THE LAW: Virtually every federal employment law has an anti-retaliation provision—they would be toothless tigers without them. Employees who can’t prove outright discrimination often try the retaliation route.
The strategy is more popular than ever: The EEOC handled a record-high 33,613 retaliation complaints in 2009.
Proving retaliation has long been the gray area that courts wrestle with. As a result, employers must tread carefully when dealing with an employee who has exercised his or her rights under any federal law.
When evaluating retaliation claims, courts try to determine whether the employee is covered by the law. That includes women and minorities (covered by the Civil Rights Act), disabled individuals (the ADA), persons age 40 and older (the Age Discrimination in Employment Act), any employee covered by the and those who file grievances under the Fair Labor Standards Act or National Labor Relations Act...(register to read more)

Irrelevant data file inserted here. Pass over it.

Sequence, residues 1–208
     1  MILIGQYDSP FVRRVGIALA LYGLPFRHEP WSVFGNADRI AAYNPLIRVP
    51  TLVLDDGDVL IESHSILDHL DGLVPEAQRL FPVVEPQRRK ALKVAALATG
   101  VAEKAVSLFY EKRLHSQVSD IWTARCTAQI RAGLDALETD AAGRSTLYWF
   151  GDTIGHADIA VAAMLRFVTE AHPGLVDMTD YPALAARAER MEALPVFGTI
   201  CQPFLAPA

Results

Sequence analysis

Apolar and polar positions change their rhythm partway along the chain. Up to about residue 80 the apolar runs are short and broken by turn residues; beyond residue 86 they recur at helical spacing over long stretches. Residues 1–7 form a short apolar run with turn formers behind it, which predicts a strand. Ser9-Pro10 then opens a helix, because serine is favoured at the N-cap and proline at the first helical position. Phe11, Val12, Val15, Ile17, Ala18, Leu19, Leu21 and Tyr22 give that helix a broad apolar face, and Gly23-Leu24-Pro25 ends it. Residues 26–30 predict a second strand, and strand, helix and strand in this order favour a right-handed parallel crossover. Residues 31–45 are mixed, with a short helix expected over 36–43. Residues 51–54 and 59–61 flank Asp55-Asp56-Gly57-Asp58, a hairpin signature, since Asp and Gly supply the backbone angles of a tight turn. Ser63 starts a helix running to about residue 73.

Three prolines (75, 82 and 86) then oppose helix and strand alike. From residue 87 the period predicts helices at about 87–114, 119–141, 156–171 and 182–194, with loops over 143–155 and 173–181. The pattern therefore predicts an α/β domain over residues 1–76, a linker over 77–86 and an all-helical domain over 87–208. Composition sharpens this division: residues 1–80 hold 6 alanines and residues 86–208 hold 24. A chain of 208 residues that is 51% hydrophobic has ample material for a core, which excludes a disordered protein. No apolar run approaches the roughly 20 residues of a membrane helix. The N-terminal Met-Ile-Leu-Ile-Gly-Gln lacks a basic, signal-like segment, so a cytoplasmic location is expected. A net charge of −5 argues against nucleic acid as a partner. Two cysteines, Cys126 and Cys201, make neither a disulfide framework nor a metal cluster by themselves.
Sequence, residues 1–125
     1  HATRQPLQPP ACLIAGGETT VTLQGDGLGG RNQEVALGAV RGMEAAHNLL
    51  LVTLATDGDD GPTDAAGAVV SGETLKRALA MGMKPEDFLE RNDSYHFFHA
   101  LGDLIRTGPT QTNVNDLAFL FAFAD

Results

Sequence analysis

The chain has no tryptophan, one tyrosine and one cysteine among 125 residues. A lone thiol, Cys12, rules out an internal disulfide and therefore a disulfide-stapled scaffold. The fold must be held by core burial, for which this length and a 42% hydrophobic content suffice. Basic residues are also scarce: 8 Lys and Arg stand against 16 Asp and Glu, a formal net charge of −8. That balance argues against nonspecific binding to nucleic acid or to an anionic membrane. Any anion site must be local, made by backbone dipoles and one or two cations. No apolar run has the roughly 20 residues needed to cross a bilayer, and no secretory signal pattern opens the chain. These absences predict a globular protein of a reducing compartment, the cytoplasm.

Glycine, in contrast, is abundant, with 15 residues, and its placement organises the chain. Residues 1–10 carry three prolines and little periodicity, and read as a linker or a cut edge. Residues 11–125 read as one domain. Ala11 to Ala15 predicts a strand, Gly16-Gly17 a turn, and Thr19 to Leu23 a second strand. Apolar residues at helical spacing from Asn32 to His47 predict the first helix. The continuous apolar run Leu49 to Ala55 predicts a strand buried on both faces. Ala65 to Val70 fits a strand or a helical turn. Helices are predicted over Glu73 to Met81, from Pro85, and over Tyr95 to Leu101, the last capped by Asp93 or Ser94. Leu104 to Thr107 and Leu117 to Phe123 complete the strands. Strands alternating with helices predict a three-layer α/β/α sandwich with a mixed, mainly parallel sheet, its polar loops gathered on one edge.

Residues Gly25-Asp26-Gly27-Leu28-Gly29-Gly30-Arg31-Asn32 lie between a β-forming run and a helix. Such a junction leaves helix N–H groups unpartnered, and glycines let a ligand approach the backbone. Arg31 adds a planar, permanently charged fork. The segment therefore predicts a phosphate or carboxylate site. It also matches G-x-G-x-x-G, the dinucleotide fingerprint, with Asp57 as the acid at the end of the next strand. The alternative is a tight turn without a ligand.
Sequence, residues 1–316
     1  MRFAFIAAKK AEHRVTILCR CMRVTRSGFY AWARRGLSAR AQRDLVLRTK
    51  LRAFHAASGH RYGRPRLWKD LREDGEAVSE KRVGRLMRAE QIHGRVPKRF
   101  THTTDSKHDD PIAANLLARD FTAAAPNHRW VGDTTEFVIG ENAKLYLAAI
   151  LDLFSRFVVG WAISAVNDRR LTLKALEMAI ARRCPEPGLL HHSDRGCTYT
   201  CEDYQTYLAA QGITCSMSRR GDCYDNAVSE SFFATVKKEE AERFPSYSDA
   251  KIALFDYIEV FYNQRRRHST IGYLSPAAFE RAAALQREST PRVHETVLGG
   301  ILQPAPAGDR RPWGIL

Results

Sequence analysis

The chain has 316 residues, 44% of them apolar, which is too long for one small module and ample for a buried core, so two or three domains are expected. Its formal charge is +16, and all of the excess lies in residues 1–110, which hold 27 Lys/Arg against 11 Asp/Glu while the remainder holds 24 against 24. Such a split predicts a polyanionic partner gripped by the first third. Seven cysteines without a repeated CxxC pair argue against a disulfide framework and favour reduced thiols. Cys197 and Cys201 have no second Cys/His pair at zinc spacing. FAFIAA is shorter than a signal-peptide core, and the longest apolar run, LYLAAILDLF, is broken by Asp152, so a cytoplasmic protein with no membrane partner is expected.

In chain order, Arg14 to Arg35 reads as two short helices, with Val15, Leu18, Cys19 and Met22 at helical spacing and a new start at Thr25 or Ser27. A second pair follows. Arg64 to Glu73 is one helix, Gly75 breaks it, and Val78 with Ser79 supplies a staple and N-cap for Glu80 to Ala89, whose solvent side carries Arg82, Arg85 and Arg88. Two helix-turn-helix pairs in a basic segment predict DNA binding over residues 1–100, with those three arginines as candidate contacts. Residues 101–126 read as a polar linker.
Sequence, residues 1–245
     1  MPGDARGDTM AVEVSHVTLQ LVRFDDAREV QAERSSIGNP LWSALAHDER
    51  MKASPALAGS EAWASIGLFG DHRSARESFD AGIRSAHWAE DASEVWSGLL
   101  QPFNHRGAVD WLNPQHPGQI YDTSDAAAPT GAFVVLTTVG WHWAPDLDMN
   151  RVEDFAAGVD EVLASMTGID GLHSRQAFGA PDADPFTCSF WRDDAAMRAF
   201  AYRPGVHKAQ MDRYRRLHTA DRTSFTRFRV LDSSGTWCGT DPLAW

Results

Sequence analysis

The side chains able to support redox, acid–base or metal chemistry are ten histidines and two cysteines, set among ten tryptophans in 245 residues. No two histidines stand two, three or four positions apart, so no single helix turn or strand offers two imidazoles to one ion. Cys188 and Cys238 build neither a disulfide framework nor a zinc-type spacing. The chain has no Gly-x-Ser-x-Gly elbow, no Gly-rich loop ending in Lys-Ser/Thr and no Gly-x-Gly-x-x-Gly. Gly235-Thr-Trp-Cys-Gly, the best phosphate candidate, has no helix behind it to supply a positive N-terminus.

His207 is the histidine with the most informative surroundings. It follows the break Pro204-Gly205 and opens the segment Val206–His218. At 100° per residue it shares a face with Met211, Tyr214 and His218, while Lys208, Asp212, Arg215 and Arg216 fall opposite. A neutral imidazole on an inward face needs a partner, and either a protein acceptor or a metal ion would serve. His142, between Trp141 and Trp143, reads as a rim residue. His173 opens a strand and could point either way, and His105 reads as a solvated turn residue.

- How to Fire an Employee the Legal Way: 6 Termination Guidelines
- 10 Secrets to an Effective Performance Review
- Manhattan clerk sues over 'Burrito Face' slur
- Require those on FMLA leave to call in sick, just like any other employee
- No unemployment comp for job lost due to absenteeism
- What time off counts for the purpose of FMLA intermittent leave?